Date Awarded


Document Type


Degree Name

Doctor of Philosophy (Ph.D.)




Brett H Rushforth

Committee Member

Paul Mapp

Committee Member

Joshua Piker

Committee Member

Cindy Hahamovitch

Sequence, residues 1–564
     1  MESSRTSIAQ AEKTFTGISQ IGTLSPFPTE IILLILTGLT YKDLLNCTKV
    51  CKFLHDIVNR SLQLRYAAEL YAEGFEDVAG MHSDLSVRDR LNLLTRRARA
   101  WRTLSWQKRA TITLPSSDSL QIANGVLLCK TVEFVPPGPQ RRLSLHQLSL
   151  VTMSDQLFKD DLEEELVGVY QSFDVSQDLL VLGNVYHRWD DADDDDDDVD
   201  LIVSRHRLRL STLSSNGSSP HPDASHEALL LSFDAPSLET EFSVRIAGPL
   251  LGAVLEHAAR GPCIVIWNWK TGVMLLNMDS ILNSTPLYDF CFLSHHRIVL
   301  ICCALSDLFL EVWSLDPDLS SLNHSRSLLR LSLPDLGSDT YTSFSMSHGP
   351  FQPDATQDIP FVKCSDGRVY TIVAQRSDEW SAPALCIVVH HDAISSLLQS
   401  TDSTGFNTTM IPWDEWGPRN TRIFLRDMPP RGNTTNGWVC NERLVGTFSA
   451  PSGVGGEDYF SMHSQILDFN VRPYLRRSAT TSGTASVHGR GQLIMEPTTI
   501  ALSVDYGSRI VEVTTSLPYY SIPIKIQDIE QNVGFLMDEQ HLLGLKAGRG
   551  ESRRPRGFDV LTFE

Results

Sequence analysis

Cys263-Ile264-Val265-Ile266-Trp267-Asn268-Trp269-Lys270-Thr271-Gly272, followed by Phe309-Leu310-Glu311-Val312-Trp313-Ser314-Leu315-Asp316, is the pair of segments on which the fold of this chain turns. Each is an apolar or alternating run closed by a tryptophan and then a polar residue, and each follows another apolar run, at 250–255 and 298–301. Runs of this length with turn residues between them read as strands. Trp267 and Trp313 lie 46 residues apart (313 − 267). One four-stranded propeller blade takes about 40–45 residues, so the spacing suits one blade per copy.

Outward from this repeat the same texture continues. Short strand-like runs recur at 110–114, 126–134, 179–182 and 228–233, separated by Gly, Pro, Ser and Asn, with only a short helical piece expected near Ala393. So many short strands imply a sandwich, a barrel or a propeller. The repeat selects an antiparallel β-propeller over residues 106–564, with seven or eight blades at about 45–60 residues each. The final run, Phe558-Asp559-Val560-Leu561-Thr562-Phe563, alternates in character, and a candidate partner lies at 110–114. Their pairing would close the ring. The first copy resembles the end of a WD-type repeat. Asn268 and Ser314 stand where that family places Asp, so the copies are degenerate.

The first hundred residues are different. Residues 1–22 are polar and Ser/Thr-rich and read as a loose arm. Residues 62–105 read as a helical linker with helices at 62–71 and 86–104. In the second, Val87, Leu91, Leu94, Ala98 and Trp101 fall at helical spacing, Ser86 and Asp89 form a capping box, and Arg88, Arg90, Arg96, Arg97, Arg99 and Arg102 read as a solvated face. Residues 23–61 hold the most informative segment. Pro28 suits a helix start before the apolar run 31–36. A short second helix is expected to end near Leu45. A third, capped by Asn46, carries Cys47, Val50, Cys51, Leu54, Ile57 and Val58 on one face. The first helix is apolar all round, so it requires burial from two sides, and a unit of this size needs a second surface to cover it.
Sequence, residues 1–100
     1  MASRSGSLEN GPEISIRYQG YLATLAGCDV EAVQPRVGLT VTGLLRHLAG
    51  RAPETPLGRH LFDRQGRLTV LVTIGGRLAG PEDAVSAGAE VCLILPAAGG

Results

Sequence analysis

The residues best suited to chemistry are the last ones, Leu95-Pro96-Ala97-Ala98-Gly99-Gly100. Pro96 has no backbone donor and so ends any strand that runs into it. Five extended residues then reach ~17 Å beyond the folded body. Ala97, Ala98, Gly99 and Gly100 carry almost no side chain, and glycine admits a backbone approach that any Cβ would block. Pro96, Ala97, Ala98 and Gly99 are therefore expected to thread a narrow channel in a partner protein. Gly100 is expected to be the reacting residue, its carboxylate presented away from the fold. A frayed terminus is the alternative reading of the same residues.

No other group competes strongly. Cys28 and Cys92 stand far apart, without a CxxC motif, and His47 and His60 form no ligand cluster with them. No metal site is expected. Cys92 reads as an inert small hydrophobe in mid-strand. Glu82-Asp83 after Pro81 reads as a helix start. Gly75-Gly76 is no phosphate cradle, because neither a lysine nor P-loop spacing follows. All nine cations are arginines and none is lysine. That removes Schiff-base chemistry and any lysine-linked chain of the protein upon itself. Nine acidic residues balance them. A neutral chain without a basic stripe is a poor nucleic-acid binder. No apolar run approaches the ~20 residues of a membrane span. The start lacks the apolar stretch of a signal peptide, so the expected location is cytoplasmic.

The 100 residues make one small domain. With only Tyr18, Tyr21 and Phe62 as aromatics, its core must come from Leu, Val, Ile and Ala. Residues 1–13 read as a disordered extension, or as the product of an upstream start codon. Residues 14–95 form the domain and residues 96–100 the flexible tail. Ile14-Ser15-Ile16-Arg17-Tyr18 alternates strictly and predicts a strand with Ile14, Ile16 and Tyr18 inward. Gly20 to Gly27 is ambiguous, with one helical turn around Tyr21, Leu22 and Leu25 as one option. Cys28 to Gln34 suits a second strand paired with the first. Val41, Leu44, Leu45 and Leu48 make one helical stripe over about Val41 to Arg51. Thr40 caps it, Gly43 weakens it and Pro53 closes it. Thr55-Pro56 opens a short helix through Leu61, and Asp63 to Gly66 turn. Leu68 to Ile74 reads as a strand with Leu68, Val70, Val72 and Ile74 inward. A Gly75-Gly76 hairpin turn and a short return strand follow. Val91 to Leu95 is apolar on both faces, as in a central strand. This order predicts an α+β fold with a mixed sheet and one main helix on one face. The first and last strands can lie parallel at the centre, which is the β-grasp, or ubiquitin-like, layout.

"Influencing Empire" examines the period of imperial crisis and community disruption which followed the passage of the Stamp Act by Parliament in 1765 to repeal in 1766. Amid fears of a rising national debt, the revenue measure imposed a small tax in the twenty-six British American colonies to defray the expense of postwar military installations in the mainland interior. In response, crowds violently threatened royal officials and their property prompting resignations and the removal of tax documents into protective custody. With the stamped papers removed from circulation by the legislated collection date, the protests largely prevented the payment of the tax. Without stamped documents the courts and customs houses could not legally operate, preventing critical business of the British Empire. This dissertation traces how and why colonists from Nova Scotia to St. Kitts engaged in a series of unprecedented street protests, examining the process of imperial coalition-building. To achieve their goal of repeal, colonists recognized the importance of convincing imperial powerbrokers to act. The design of protests and strategies of dissent appropriated British cultural traditions, contemporary politics, and economic pressure points. Described by past historians as the "prologue to Revolution" and "the first act on the road to independence," this dissertation explores the imperial political and cultural contexts, restores the diverse choices and actions of individuals and communities, and emphasizes contingency to understanding the "perplexing situation" following the Stamp Act. At the forefront of this effort were the activities of British subjects far beyond the thirteen mainland colonies. This dissertation refocuses our understanding of the Stamp Act crisis by restoring the imperial dimensions of the repeal efforts uniting historiography of crowd studies with scholarship on the Caribbean, the British Empire, the American Revolution and the African Diaspora. Countering the tendency to write towards American independence, this study explores contemporaneous sources to demonstrate the rapidly shifting strategies of imperial influence, as well as the variety of political and economic arguments emerging during this brief period. Broadening the study of protest to an imperial scale embeds the emergence of crowd action amid a broader campaign of influence involving communities in the West Indies, England, Scotland, and Ireland as well as the mainland colonies. Far from a break with empire, this dissertation demonstrates the diversity of opinions and experiences both within a crowd and across the British Empire suggesting new avenues for understanding colonial protest strategies and the contours of the subsequent revolutionary coalition. Protest was exceptional and controversial. Critically, the dissertation argues that protest cannot be understood without closely examining the actions and choices of the majority of the population in colonial ports. Free and enslaved people of color, dockside laborers, and itinerant sailors inhabited these port communities dramatically influencing and shaping imperial politics. This dissertation demonstrates how these populations participated in this moment of community disruption, shaping strategies of dissent and influence. Their presence on the streets occurred in a variety of ways both supporting and opposing street protest. The surviving evidence suggests how their actions were manipulated as part of an imperial debate on protest which reveal imperial discourses on class and race. The dissertation argues that these early actions on the streets in the colonial period demonstrate a long-term struggle to define the British body politic. At no point was repeal assured, and contingency plays a central role in this dissertation. This dissertation demonstrates how rapidly shifting political coalitions within England, pressure from colonial agents and interests, as well as members of the crowd all played central roles in the repeal effort. A sympathetic print media spread supportive accounts of crowd action, while royal officials and stamp officers reported a competing narrative of violent mobs. This work overlays these traditional accounts of protest with shipping logs, marine intelligence, government documents, imperial correspondence, and private diaries to shed new light on core dynamics of the protest movement. Using a variety of contemporaneous evidence, the work demonstrates the flow of knowledge and rumor which shaped individual and community decision-making. Ultimately, this archival research prompts a fresh look at the "Stamp Act Crisis" as a critical test of the structure and functioning of the British Empire, revealing how a small tax enabled a period of panic, negotiation, innovation, and creativity.




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